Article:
responding to user mouse action, without
    reloading anything from the server.
   Result:
    ◦   Flexible layout
    ◦   Faster interactivity
    ◦   Motion without plug-ins
   DHTML works through a combination of:
    ◦ HTML 3.2 or 4.0
    ◦ JavaScript - the web's standard scripting language
    ◦ Cascading style sheets (CSS)
    ◦ Document Object Model (DOM) - a means of
     accessing a document's individual parts

   Advantages:
    ◦ Small file sizes - DHTML files are small compared to
      other interactive media such as Flash or Shockwave
    ◦ Flexibility with layout (can position elements where
      you want them)
    ◦ Supported by both major browsers
    ◦ No plug-ins necessary - Plug-ins are not needed to
      view DHTML files
    ◦ Client-side processing - scripts run on the client
      side. Once a page has been downloaded, all its
      scripts run on the user's browser rather than on a

   Disadvantages:
    ◦ Not implemented uniformly in all browsers!
    ◦ Time-consuming, cross-platform de-bugging
    ◦ won't run on older browsers

   In order to create DHTML content, we will
    need to understand the differences between
    Microsoft's and Netscape's DHTML.
   For example: Dynamic objects (Objects are
    generally words or text) in a Netscape
    Communicator are called layers. In Internet
    Explorer they are referred to as styles.

   In Netscape, JavaScript would reference to
    document. "layer_name".document.images
    ["image_name"]. In Internet Explorer,
    JavaScript reference to
   In Netscape, a positional object's X coordinate
    is called left and its Y coordinate is called top.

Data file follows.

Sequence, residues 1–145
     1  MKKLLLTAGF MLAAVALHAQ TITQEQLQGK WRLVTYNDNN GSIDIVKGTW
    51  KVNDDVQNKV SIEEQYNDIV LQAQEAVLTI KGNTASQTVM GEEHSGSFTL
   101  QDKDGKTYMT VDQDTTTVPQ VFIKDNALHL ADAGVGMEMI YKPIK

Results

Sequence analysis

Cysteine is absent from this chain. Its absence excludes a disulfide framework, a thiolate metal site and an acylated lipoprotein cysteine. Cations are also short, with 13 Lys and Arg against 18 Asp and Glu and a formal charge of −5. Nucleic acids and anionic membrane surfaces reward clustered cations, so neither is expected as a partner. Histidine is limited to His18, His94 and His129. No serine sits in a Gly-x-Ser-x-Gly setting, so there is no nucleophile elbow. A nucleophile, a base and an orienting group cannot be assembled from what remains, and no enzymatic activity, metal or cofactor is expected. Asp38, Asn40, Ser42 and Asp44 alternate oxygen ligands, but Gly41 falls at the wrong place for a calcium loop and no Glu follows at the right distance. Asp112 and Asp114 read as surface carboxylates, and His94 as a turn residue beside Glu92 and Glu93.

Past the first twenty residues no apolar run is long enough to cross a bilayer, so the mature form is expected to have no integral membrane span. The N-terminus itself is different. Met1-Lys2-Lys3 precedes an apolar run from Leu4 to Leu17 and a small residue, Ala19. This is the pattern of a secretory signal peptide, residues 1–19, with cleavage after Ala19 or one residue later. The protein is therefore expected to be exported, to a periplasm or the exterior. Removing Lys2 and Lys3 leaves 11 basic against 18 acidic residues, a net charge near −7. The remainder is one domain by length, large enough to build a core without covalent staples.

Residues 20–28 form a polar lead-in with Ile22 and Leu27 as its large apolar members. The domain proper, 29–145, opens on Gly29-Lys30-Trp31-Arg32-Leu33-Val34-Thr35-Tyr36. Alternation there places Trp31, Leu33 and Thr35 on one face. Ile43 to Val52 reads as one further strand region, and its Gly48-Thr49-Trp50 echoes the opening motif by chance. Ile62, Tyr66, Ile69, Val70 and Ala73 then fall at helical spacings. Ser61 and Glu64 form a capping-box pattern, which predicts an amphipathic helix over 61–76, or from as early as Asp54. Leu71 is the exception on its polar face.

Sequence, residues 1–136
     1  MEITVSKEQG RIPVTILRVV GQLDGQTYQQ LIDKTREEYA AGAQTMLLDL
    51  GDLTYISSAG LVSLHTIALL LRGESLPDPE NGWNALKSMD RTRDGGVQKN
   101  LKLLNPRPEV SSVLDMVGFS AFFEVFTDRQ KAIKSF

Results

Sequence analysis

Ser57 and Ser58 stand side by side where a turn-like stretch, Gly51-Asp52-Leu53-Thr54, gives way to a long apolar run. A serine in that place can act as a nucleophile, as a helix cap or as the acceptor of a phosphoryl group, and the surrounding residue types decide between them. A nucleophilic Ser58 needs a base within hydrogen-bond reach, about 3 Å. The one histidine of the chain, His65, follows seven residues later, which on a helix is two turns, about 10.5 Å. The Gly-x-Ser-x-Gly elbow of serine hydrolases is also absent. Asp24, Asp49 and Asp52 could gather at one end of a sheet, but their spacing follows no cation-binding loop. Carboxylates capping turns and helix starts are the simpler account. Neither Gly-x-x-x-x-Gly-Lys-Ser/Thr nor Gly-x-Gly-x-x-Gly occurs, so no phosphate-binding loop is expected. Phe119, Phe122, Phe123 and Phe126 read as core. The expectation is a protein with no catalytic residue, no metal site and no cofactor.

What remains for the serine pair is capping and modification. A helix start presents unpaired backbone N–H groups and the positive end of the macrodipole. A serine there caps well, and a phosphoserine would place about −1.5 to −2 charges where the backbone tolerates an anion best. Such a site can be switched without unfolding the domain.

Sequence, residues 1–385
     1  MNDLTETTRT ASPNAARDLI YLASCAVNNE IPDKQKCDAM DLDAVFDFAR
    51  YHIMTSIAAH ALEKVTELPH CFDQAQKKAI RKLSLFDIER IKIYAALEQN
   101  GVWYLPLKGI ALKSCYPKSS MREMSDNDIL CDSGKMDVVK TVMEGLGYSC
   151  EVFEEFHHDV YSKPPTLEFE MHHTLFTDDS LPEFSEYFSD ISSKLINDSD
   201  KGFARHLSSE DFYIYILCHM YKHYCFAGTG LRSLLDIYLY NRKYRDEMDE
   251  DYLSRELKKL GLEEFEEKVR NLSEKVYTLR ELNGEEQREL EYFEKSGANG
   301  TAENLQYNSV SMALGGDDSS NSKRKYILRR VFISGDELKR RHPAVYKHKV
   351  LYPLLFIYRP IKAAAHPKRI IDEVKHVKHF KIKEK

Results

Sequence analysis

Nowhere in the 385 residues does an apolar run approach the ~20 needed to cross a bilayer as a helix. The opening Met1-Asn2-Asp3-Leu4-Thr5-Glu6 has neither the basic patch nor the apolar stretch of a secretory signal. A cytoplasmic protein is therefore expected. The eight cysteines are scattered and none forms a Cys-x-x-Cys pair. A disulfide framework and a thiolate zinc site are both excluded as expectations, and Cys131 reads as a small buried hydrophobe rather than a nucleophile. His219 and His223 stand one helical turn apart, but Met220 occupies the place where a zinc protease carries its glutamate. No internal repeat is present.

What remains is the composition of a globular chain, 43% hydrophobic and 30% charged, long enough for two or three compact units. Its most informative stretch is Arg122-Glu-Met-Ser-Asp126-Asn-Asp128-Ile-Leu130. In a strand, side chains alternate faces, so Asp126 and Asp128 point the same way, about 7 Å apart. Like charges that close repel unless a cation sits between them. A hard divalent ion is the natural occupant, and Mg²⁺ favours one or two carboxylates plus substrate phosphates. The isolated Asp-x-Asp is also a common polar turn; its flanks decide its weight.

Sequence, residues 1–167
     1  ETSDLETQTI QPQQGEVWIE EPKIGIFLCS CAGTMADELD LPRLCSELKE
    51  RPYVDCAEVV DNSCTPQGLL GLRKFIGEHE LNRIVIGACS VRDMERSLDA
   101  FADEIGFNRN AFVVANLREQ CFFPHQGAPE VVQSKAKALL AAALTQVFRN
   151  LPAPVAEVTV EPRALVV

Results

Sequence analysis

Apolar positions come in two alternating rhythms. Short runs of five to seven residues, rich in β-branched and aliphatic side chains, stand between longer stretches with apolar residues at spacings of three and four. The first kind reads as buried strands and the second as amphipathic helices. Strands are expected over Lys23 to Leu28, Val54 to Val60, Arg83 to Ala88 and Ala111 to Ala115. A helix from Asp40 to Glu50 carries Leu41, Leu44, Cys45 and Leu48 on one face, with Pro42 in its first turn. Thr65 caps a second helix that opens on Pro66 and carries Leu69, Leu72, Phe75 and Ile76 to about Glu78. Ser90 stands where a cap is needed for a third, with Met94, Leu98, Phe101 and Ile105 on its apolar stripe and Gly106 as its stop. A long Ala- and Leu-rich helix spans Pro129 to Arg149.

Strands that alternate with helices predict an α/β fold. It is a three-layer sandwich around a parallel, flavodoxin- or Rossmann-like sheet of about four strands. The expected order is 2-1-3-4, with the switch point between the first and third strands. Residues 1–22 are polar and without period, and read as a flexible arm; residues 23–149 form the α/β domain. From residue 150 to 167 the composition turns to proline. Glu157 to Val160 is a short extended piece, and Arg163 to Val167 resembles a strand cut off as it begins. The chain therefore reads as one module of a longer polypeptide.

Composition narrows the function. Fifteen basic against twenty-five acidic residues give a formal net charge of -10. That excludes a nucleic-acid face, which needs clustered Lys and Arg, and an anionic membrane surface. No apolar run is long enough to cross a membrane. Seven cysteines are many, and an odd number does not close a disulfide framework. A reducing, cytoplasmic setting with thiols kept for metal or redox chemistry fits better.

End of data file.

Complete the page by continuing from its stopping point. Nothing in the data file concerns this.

   In Internet Explorer, a positional object’s X
    coordinate is called pixelleft and its Y
    coordinate is called pixeltop.
    document.all."style_name". style. pixeltop

   To write DHTML for both Netscape and
    Internet Explorer, one must create two sets of
    JavaScript functions.
   The document.layers object is specific to
    Netscape 4.0, while the document.all object is
    specific to Internet Explorer 4.0.

<SCRIPT Language="JavaScript">
function check() {
          if (ns4) {
                 // do something in Netscape
  Navigator 4.0
          if (ie4) {
                 // do something in Internet Explorer

   JavaScript is used to make different things
    happen when a specified event occurs. You
    do this with a category of JavaScript elements
    called event handlers. Some common event
    handlers include:
    ◦ onMouseOver: when the user puts the cursor over a
    ◦ onMouseOut: when the user removes the cursor
      from a link
    ◦ onClick: when the user clicks on an option

   Books:
    ◦ Designing With JavaScript : Creating Dynamic Web
      Pages (Nick Heinle, Published 1997)
    ◦ DHTML and JavaScript (Gilorien Published 1999)
    ◦ Essential Java Script for Web Professionals (Dan
      Barrett, et al Published 1999)
   Websites:
    ◦ http://www.htmlguru.com/
    ◦ http://www.dhtmlzone.com/
    ◦ http://www.javascripts.com/